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Data from: Divergence in style length and pollen size leads to a postmating-prezygotic reproductive barrier among populations of Silene latifolia

Citation

Brothers, Amanda N.; Delph, Lynda F. (2017), Data from: Divergence in style length and pollen size leads to a postmating-prezygotic reproductive barrier among populations of Silene latifolia, Dryad, Dataset, https://doi.org/10.5061/dryad.0f8j8

Abstract

A central tenet of speciation research is the need to identify reproductive isolating barriers. One approach to this line of research is to identify the phenotypes that lead to reproductive isolation. Several studies on flowering plants have shown that differences in style length contribute to reproductive isolation between species, leading us to consider whether style length could act as a reproductive barrier among populations of a single species. This could occur if style length varied sufficiently and pollen size covaried with style length. Populations of Silene latifolia exhibit variation in flower size, including style length, that is negatively correlated with annual precipitation. We show that this divergence in style length has a genetic basis and acts as a reproductive barrier: males from small-flowered populations produced relatively small pollen grains that were poor at fertilizing ovules when crossed to females from large-flowered populations, leading to a significant reduction in seed production. Manipulating the distance pollen tubes had to travel revealed that this failure was purely mechanical and not the result of other incompatibilities. These results show that style length acts as a postmating-prezygotic reproductive barrier and indicate a potential link between ecotypic differentiation and reproductive isolation within a species.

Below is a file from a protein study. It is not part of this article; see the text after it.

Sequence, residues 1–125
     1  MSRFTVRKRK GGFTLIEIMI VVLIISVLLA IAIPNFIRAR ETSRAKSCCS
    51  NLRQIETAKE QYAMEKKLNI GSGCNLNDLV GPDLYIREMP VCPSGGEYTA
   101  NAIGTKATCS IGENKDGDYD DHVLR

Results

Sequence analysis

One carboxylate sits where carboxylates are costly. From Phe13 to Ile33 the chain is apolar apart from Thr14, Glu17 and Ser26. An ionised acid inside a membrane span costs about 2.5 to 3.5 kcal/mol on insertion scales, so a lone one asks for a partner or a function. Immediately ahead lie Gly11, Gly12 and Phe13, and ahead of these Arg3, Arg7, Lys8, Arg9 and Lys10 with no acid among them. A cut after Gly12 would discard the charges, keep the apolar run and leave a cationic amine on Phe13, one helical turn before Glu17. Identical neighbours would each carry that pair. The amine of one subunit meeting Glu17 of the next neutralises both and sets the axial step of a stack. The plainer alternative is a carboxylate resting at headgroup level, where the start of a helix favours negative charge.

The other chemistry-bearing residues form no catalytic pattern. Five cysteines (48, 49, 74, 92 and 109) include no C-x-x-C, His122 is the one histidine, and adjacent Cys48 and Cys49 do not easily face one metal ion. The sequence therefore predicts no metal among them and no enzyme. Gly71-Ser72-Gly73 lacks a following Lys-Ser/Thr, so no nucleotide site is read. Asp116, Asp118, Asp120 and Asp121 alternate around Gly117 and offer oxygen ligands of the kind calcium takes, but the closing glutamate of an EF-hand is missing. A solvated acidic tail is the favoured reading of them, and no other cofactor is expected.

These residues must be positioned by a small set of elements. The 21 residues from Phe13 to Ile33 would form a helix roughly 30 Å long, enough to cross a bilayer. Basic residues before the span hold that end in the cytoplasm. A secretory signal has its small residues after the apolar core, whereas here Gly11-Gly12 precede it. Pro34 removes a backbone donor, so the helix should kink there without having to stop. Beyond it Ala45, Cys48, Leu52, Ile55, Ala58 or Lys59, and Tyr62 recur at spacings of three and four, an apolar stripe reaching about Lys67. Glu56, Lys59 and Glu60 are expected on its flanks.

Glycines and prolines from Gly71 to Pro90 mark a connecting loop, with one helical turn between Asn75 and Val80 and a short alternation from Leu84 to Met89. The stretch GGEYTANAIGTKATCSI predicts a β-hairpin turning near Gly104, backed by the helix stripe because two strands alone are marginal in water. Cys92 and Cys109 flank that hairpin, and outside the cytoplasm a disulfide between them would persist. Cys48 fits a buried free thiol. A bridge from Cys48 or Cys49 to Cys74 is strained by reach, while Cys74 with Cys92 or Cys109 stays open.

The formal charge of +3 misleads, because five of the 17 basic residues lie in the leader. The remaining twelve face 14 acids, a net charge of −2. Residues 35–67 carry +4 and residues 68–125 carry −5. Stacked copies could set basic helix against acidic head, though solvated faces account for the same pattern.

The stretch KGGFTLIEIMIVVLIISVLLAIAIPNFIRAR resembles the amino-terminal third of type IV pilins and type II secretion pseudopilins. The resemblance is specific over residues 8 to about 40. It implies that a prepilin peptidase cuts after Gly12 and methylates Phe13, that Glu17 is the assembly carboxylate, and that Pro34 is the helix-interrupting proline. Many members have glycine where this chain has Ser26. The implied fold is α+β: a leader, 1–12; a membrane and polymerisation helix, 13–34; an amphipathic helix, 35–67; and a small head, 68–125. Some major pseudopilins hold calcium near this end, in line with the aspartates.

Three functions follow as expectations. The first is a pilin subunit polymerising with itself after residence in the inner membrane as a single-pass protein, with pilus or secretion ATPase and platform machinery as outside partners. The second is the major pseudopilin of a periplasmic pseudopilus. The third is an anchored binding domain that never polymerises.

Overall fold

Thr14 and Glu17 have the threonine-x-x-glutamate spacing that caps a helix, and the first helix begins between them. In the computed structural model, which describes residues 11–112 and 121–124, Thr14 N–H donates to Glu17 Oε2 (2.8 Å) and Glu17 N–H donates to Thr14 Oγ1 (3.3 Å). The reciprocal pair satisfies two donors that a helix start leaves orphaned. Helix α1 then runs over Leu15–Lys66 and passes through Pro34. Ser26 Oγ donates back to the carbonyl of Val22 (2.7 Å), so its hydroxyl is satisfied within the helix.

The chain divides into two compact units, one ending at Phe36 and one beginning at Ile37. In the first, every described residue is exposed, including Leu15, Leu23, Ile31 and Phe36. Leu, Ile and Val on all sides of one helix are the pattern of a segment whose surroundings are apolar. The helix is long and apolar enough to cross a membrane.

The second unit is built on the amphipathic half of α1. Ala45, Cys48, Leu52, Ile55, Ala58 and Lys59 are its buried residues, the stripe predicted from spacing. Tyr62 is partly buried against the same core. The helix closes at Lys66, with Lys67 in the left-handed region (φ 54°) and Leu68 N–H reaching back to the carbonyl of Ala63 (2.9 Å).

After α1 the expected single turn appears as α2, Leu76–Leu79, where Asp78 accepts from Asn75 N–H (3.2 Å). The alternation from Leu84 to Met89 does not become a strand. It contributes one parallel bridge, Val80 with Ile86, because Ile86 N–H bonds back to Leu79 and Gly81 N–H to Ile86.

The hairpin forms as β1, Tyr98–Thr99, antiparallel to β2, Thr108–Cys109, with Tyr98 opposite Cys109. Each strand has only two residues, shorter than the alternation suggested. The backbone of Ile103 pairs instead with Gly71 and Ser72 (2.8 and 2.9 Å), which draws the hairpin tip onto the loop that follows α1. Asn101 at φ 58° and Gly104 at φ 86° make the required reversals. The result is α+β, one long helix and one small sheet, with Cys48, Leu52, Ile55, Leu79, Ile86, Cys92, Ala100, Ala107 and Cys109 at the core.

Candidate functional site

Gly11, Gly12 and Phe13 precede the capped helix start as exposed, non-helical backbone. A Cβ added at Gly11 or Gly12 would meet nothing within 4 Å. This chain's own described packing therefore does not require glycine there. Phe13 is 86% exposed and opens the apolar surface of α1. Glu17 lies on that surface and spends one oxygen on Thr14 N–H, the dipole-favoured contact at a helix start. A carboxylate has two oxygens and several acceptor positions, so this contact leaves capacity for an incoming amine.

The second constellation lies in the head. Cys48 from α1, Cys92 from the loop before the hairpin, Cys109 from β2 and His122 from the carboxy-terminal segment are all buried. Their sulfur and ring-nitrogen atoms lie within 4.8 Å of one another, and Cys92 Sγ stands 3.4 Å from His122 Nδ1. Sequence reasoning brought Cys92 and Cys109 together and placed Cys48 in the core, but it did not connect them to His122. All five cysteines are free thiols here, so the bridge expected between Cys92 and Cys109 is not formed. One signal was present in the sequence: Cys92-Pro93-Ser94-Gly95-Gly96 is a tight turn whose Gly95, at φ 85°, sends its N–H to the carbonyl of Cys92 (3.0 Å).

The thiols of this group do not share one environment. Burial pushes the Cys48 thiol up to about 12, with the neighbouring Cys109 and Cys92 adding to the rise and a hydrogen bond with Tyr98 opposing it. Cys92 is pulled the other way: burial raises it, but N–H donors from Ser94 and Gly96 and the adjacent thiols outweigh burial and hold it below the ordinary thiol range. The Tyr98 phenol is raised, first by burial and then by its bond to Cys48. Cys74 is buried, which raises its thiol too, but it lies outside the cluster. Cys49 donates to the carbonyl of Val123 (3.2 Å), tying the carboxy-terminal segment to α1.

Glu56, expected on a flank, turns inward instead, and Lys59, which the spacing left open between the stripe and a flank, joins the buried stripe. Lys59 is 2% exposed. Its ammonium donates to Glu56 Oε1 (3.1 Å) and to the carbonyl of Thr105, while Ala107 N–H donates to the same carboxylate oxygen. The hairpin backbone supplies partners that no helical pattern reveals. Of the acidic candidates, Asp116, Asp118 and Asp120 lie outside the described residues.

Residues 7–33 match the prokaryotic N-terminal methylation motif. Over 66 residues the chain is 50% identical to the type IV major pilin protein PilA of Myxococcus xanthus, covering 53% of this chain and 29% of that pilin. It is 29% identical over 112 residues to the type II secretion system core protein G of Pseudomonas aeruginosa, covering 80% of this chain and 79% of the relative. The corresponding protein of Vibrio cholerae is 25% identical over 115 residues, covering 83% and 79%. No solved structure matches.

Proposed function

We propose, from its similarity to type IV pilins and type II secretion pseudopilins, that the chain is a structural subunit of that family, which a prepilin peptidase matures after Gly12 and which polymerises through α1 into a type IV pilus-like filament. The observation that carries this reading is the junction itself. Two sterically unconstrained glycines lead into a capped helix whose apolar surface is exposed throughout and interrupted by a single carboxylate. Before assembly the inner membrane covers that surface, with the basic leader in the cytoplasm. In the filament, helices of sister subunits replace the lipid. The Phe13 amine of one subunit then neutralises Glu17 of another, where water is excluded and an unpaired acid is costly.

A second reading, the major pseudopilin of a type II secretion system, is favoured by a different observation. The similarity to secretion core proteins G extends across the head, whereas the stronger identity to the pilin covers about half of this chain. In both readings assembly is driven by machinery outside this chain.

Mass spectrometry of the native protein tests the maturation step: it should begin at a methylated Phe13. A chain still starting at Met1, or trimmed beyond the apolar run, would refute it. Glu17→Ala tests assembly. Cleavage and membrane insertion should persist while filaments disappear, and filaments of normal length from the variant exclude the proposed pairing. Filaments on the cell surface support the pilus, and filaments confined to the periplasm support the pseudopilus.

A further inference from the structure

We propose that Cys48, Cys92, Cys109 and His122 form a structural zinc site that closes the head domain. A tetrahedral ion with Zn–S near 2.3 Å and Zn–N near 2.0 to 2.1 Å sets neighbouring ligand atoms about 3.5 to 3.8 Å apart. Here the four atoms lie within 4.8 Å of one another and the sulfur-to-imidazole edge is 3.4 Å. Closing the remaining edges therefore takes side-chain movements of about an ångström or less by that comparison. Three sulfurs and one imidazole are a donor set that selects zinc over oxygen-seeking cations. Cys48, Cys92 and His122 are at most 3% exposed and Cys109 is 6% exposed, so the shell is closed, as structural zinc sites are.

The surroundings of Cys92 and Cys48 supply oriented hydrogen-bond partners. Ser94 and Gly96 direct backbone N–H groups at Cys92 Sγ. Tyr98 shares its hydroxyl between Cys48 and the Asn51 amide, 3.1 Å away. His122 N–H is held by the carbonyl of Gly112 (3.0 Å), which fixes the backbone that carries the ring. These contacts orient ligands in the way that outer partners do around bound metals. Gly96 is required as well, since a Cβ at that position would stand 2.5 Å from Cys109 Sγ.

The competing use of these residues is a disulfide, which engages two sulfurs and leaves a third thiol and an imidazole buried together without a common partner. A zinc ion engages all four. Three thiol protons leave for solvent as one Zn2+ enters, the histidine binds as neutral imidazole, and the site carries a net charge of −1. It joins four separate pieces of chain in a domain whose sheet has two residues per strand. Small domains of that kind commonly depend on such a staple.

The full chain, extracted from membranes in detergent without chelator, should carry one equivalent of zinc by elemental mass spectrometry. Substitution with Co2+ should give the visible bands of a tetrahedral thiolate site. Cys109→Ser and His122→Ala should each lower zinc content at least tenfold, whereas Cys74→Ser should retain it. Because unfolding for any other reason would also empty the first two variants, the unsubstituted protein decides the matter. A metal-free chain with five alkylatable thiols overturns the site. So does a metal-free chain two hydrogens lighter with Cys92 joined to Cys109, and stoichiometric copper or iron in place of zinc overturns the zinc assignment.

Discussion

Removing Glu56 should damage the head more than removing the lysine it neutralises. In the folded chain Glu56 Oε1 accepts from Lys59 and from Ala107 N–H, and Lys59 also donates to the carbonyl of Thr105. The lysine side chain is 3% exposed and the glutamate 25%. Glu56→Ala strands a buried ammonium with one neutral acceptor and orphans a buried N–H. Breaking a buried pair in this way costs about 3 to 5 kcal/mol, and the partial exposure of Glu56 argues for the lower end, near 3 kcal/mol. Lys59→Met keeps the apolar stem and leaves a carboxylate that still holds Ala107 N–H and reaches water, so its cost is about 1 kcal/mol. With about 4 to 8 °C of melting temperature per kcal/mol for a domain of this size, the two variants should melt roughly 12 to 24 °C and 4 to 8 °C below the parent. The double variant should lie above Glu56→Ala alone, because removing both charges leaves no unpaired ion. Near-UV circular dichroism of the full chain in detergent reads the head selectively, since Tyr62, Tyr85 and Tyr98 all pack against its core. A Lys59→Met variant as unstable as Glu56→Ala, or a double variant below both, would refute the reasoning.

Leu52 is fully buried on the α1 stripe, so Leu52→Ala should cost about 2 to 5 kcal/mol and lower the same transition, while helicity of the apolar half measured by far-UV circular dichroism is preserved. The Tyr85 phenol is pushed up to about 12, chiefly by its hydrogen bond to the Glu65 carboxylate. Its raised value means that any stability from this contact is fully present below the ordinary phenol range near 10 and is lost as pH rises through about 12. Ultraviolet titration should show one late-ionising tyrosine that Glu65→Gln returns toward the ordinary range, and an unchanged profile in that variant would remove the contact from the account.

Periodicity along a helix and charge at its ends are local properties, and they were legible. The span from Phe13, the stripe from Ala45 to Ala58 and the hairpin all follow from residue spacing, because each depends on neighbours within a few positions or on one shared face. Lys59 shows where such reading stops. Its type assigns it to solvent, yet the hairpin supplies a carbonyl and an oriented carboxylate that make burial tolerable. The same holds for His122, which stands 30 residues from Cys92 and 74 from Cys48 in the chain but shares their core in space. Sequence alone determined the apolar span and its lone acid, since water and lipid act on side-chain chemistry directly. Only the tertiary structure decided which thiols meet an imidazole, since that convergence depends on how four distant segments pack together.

Usage Notes

Funding

National Science Foundation, Award: DEB-1405737